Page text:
St. Patrick's Catholic Church, Patrick Street, makes a significant contribution to this local area of Stawell. Constructed in 1873, the building was designed in a Victorian Gothic Revival style typical of the influential English architect, Charles Hansom. This design has been attributed to Henry Caselli who was greatly influenced by Hansom. The building is largely intact both externally and internally, and represents one of few extant Hansom-influenced Victorian Gothic Revival styled churches in Victoria.
St. Patrick's Catholic Church is architecturally significant at a STATE level. It demonstrates original design qualities of a Victorian Gothic Revival style that have their origins in the influential work of English Gothic Revivalist, Charles Hansom. These qualities include the steeply pitched and parapetted gable roof form of the nave and chancel, and the projecting transepts, and the octagonal tower at the side. Other intact qualities include the Grampians freestone wall construction, clad roof cladding and ventilation dormers, gable crosses, buttresses with gabled copings, gabled drip moulds and incised quatrefoils (based on octagonal turret), Decorated tracery windows, freestone drip moulds, and the pointed double door openings. There are also internal features that contribute to the significance of the place. These features include the coved timber lined ceiling adorned with timber scissor trusses, gallery with decorative timber balustrade, Gothic Revival styled marble altar with elongated pinnacles, timber seating and other furniture, plastered wall finishes and quoinwork about the main arch.
St. Patrick's Catholic Church is historically significant at a STATE level. The design is derived from the designs prepared by the English architect Charles Hansom prepared for the Catholic Church for use in Victoria. The building is also associated with the architects, Henry Caselli, George Inskip and William Conolly. The church is associated with Catholic life in Stawell from 1871.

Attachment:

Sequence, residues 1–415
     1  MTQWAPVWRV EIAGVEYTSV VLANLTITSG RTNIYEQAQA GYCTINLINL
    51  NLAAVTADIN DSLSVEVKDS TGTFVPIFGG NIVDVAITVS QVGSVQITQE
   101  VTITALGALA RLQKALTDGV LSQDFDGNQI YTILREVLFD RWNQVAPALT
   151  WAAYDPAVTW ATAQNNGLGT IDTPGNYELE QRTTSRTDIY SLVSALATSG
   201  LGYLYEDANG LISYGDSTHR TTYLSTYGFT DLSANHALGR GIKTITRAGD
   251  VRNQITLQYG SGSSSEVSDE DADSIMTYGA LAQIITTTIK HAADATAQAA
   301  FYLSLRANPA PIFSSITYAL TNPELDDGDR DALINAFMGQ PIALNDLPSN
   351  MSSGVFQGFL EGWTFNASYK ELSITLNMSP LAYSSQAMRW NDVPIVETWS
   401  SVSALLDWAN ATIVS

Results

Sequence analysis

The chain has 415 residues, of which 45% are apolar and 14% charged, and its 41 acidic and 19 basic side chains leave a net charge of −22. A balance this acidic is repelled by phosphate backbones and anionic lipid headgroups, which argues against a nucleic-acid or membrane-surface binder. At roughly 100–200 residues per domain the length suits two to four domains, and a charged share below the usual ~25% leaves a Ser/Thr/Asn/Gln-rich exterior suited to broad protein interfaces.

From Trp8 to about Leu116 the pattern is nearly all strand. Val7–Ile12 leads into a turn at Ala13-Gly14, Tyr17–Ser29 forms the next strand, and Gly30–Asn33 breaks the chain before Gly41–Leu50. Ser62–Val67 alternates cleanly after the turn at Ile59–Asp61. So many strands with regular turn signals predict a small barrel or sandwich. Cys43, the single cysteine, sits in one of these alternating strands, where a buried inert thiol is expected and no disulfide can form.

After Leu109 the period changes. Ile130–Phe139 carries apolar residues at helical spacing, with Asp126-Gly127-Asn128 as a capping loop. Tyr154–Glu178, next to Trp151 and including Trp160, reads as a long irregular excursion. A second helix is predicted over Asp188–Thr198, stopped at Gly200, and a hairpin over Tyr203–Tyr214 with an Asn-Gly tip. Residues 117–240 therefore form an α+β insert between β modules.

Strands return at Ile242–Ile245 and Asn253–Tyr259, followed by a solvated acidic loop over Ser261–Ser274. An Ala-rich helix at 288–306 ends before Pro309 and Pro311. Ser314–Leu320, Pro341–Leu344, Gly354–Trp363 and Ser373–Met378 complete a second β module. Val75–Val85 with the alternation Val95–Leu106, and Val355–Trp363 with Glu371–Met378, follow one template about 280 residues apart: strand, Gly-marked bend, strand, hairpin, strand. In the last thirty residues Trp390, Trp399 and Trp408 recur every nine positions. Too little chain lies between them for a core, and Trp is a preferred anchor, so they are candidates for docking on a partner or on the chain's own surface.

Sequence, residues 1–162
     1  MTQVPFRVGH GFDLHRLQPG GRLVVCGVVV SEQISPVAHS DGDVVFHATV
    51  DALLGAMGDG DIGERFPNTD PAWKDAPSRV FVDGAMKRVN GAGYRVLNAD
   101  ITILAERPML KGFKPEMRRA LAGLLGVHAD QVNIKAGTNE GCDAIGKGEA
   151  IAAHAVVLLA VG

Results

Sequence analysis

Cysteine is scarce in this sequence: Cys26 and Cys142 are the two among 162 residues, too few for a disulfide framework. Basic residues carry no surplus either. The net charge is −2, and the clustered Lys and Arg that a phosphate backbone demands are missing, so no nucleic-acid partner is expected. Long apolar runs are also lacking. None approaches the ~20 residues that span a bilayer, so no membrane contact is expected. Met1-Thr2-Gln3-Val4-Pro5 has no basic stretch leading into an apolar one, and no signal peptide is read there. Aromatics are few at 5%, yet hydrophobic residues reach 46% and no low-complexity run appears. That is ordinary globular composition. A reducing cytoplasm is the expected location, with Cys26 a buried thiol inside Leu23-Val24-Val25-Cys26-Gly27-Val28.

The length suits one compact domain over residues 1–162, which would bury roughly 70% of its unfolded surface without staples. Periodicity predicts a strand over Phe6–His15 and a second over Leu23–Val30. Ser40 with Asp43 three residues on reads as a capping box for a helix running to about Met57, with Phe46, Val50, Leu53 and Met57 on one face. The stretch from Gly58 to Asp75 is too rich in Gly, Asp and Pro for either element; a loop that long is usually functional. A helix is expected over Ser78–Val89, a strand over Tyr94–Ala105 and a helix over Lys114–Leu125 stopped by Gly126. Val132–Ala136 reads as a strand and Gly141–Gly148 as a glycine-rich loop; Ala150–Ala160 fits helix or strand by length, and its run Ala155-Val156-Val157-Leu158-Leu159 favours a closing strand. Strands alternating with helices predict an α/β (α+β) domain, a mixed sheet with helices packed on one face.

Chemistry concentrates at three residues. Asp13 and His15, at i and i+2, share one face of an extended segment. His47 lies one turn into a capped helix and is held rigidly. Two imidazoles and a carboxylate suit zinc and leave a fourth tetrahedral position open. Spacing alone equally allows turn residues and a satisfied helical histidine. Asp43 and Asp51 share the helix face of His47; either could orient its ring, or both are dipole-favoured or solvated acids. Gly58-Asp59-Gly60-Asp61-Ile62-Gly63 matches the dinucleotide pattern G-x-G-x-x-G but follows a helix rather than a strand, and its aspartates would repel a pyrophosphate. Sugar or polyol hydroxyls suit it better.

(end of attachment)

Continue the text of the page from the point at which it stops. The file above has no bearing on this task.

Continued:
St. Patrick's Catholic Church is socially significant at a LOCAL level. It is recognised and valued by the Stawell Catholic community for religious and cultural reasons.
Overall, St. Patrick's Catholic Church is of STATE significance.
St Patricks Church, 29-31 Patrick Street, STAWELL - Physical Description 1
The St. Patrick's Church site in Patrick Street, Stawell, is dominated by the Victorian Gothic Revival styled Catholic church building that is surrounded by opened grassed and asphalt grounds, and adorned with mature and early pine trees and shrubs.
The Grampians sandstone, Victorian Gothic Revival styled St. Patrick's Church building is largely a version of the Victorian Gothic Revival church designs by the English architect, Charles Hansom. He belonged to the English Gothic Revival movement lead by Augustus Welby Pugin. The English Gothic Revival in the early 19th century largely belonged to the Roman Catholics, and it was architects like Hansom that provided the architectural exemplars.
Although attributed to Henry Caselli, the design features of St. Patrick's Church in Stawell are typical of Hansom's work, who greatly influenced Caselli. The steeply pitched and parapetted gable roof form of the nave and chancel, and the projecting transepts, and especially the octagonal tower at the side, were distinctive features of Hansom's work. The gabled roof forms are clad in early slate and the nave roof is adorned with ventilation dormers. The gable ends are decorated with crosses, while the buttresses are crowned with gabled copings.
The base of the octagonal turret is adorned with gabled drip moulds with incised quatrefoils. Other early decorative features of the design include the large Decorated tracery window on the main gable, freestone drip moulds, pointed double door opening and the side tracery windows. Additional pointed doorways are situated at the rear and side.
Internally, the building is characterised by the coved timber lined ceiling adorned with early timber scissor trusses. Above the main entrance doors is the gallery with decorative timber balcony balustrade. The centrepiece of the interior is the marble altar decorated in a Gothic Revival style and adorned with elongated pinnacles. The plastered walls are largely plain in appearance, although there is some quoinwork about the main arch. The timber seating and other furniture also appear to be early.
Other very similar Hansom-influenced Victorian Gothic Revival churches in Victoria include:
St. Augustine's Roman Catholic Church, Napier Street, Creswick, 1870-72, designed by Charles Hansom and supervised by Henry Caselli;
St. Augustine's Roman Catholic Church, 636 Fullarton Road, Keilor, c.1858, possibly designed by Charles Hansom and supervised by J.M. Barry (local architect);
St. Patrick's Roman Catholic Church, Princes Highway, Port Fairy, 1857-59, designed by Charles Hansom and supervised by Nathaniel Billing;